WASHINGTON - For the first time, the chief of the CIA stated in Congress that the near-drowning interrogation technique known as waterboarding was used on al-Qaida suspects.
Appearing Tuesday before the Senate Select Committee on Intelligence, CIA Director Michael Hayden said the technique was used in 2002 and 2003 but not since. He also said information obtained from the last uses accounted for 25 percent of the intelligence reports circulated by the CIA on al-Qaida activities, the Los Angeles Times reported Wednesday.
He testified hree detainees were subjected to the method: Khalid Shaikh Mohammed, the alleged mastermind of the Sept. 11 attacks; a second suspect in the attacks; and a Saudi suspected of playing a major role in the bombing of the U.S. Navy destroyer USS Cole in Yemen in 2000.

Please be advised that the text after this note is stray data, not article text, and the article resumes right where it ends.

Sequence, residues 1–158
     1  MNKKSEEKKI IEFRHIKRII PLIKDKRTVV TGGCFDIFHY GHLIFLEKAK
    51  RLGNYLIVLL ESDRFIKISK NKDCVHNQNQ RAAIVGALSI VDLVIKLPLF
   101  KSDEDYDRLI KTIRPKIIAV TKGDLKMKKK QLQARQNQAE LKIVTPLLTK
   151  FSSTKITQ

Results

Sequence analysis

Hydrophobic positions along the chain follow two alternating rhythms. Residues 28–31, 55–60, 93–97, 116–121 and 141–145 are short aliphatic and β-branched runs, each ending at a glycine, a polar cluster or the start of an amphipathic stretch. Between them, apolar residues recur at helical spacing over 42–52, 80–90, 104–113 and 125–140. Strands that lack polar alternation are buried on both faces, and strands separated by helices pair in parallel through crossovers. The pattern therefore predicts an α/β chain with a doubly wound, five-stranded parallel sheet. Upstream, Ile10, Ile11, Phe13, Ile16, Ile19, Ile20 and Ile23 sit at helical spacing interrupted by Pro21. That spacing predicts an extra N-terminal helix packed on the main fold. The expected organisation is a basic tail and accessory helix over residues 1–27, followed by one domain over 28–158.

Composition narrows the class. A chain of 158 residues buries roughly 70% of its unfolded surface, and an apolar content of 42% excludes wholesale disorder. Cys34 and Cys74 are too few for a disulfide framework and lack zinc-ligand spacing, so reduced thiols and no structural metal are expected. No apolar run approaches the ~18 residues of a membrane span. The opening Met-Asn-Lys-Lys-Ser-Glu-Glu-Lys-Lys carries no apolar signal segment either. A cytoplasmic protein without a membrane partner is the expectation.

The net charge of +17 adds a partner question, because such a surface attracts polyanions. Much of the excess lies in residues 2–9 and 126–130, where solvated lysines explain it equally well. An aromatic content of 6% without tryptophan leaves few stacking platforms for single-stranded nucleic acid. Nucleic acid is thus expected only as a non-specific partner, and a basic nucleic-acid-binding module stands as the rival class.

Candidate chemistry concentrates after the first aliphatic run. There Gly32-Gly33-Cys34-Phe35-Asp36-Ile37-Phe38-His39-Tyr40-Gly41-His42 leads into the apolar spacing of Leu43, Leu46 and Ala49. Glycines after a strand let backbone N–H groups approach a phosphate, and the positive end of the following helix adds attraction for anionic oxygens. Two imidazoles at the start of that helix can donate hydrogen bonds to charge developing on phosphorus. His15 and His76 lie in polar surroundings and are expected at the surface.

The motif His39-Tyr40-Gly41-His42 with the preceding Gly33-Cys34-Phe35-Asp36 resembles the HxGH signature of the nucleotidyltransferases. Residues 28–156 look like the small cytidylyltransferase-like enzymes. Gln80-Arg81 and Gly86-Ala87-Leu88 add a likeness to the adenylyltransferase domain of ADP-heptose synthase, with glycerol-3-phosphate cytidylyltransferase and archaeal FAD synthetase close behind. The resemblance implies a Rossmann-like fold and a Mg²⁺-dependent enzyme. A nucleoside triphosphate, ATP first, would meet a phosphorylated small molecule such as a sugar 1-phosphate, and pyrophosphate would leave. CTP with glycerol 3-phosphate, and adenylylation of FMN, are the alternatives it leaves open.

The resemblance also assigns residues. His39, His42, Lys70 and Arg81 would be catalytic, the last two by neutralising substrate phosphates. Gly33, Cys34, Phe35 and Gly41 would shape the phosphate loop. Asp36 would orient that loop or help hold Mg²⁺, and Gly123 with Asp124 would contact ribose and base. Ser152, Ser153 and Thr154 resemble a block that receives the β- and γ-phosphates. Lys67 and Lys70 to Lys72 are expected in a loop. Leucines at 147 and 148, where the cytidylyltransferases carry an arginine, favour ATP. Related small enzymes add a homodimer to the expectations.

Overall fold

However, there wasn't unanimity in support among senior security officials at the hearing for the use of harsh techniques, as FBI Director Robert Mueller said his agents had extracted critical information from former Iraqi dictator Saddam Hussein without coercive techniques, the Times said.
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